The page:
Planning Critical for Philanthropic Payments and Charitable Institutions | Indian Supreme Court’s Decisions

While, strategic philanthropy can never really be extracted completely from the corporate charity, the recent socio-economic developments in India have seen a marked change in the way regulators look at the philanthropic institutions in India. Indian regulators have adopted a rather stringent approach towards the approvals and statutory compliances of charitable institutions. In the decisions of New Noble Educational Society Vs. CCIT-1 (Civil Appeal 3795 of 2014) and Ahmedabad Urban Development Authority (Civil Appeal 21762 of 2017), the Honourable Supreme Court of India has adjudicated upon the issue related to allowability of exemptions to the charitable institutions considering the pre-requisite conditions for allowability of such approvals.

In this article, we present before you a brief upon the decision of Honorable Supreme Court of India in case of New Noble Educational Society and Ahmedabad Urban Development Authority.

Intricacies of the Litigation

The subject matter of the appeal is the rejection of the appellants’ claim for registration as a fund or trust or institution or any university or other educational institution (hereinafter collectively referred to as “institution / trust”) set up for the charitable purpose of education, under the Income Tax Act, 1961 (hereinafter, “IT Act”). The organisations under question were before the Hon’ble Supreme Court against the decisions of jurisdictional High Courts wherein the claim of Charitable Purpose was challenged by the High Courts and the underlying tax exemption being denied to such organisations.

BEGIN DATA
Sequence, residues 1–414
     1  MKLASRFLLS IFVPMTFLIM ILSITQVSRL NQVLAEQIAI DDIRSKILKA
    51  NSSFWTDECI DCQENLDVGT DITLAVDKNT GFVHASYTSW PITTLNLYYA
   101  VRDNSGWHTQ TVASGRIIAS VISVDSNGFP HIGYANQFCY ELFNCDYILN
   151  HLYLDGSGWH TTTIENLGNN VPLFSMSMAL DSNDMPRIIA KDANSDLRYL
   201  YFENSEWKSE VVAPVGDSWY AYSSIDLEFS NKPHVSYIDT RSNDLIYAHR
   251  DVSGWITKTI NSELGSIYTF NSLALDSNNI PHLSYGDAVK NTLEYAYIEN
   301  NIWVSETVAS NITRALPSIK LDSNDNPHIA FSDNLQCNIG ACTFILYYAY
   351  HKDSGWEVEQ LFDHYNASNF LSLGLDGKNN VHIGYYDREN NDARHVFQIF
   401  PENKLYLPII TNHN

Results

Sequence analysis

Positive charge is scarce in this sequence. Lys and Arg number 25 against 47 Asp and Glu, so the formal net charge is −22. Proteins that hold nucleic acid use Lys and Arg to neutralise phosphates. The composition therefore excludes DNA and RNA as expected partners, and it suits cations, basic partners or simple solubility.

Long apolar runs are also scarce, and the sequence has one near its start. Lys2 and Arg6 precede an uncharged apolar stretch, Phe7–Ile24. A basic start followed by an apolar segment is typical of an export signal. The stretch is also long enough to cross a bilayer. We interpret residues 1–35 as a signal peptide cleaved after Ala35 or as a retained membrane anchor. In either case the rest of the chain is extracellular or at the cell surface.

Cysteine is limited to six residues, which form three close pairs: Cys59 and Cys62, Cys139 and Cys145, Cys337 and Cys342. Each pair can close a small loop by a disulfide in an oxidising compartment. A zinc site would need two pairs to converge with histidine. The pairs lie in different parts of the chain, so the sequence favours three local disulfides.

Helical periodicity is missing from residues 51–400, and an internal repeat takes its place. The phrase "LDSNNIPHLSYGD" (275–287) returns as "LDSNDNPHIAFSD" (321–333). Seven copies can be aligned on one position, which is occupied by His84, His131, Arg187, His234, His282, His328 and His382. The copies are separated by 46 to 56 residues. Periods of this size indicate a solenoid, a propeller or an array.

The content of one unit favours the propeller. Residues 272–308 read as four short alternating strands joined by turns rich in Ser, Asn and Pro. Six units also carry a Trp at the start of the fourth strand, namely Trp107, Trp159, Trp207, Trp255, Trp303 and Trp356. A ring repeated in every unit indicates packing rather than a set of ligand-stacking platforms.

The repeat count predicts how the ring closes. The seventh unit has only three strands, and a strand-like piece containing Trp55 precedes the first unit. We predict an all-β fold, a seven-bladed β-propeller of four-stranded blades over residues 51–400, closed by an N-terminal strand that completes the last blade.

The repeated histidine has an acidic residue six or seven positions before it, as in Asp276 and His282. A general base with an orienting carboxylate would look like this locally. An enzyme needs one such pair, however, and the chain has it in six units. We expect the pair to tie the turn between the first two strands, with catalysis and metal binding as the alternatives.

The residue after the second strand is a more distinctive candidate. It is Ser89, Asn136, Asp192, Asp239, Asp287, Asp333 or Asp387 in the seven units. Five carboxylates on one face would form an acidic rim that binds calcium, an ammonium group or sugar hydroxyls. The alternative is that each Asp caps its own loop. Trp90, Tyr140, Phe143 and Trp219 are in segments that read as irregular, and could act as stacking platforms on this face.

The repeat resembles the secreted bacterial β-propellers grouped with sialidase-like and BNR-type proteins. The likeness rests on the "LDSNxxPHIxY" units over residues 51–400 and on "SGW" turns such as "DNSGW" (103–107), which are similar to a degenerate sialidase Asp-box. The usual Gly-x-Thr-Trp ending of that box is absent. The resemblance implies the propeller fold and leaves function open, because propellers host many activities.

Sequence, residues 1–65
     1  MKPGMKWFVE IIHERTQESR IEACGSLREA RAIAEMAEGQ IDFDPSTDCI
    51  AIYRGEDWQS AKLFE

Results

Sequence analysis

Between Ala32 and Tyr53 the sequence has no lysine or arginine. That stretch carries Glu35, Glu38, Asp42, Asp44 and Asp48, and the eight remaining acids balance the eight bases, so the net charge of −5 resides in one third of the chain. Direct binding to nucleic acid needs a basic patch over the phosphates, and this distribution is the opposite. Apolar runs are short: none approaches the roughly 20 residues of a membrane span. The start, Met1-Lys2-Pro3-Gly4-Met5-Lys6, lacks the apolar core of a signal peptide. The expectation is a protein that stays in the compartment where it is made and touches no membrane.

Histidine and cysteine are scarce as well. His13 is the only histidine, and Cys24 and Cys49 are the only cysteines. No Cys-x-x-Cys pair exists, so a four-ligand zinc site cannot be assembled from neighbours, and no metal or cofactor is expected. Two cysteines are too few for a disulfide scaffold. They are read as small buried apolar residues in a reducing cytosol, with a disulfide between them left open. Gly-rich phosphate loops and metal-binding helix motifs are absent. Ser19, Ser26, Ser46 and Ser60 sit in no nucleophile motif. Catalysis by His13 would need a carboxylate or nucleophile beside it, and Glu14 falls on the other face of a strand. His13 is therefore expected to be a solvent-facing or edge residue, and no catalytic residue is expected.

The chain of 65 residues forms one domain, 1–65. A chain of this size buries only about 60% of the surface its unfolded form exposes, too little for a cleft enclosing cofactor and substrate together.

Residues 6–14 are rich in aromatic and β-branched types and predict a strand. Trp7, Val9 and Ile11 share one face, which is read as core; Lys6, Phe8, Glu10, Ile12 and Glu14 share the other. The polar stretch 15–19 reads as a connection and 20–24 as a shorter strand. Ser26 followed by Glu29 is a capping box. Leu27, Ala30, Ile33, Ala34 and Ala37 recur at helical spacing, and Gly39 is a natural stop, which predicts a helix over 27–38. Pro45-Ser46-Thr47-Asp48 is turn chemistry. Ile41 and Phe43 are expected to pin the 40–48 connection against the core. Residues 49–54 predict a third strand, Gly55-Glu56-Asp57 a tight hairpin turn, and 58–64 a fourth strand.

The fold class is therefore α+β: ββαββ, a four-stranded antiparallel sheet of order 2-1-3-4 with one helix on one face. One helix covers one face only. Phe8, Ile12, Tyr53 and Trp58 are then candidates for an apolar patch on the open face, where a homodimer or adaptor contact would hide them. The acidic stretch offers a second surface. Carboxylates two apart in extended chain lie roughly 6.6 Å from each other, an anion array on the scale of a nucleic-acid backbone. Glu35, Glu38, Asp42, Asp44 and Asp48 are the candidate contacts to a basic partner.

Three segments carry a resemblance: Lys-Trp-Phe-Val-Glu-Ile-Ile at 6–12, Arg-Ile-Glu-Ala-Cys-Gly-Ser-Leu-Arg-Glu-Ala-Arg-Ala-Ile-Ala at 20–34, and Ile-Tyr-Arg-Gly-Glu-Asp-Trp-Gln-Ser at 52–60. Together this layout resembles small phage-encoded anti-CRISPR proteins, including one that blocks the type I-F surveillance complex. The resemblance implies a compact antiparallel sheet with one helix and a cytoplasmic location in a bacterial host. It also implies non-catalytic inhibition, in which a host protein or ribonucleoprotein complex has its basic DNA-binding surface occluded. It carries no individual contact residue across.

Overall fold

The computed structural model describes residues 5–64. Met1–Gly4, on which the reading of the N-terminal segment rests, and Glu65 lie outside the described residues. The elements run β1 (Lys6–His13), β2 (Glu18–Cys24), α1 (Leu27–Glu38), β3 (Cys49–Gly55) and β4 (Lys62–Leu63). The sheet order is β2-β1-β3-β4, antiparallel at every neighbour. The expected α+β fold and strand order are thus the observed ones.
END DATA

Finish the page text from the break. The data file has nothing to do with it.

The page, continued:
The Andhra Pradesh High Court, by its detailed judgment, held that the appellant trusts which claimed benefit of exemption under Section 10(23C) of the Income Tax Act, 1961 (‘Act’) were not created ‘solely’ for the purpose of education, and that to determine that issue, the court had to consider the memorandum of association or the rules or the constitution of the concerned trust. Further, the profitability matrix of the organisations under question were thoroughly deliberated and scrutinised by Courts in order to determine the test of marginal profitability vs substantial profitability.

The appellants not having business objective aligned to Section 2(15) were denied income tax exemption. Additionally, Supreme Court also held that the organisations were obliged to follow all the local laws in order to claim benefit of tax exemption under the Act. The appellants were also denied registration on the ground that they were not registered under the Andhra Pradesh Charitable and Hindu Religious Institutions and Endowments Act, 1987 (hereinafter, “A.P. Charities Act”) as condition precedent for grant of approval.

Litigious provisions of the Act

“Section 10 – Incomes not included in total income.

Section 10(23C) any income received by any person on behalf of—


(vi) any university or other educational institution existing solely for educational purposes and not for purposes of profit, other than those mentioned in sub-clause (iiiab) or sub-clause (iiiad) and which may be approved by the [Principal Commissioner or Commissioner];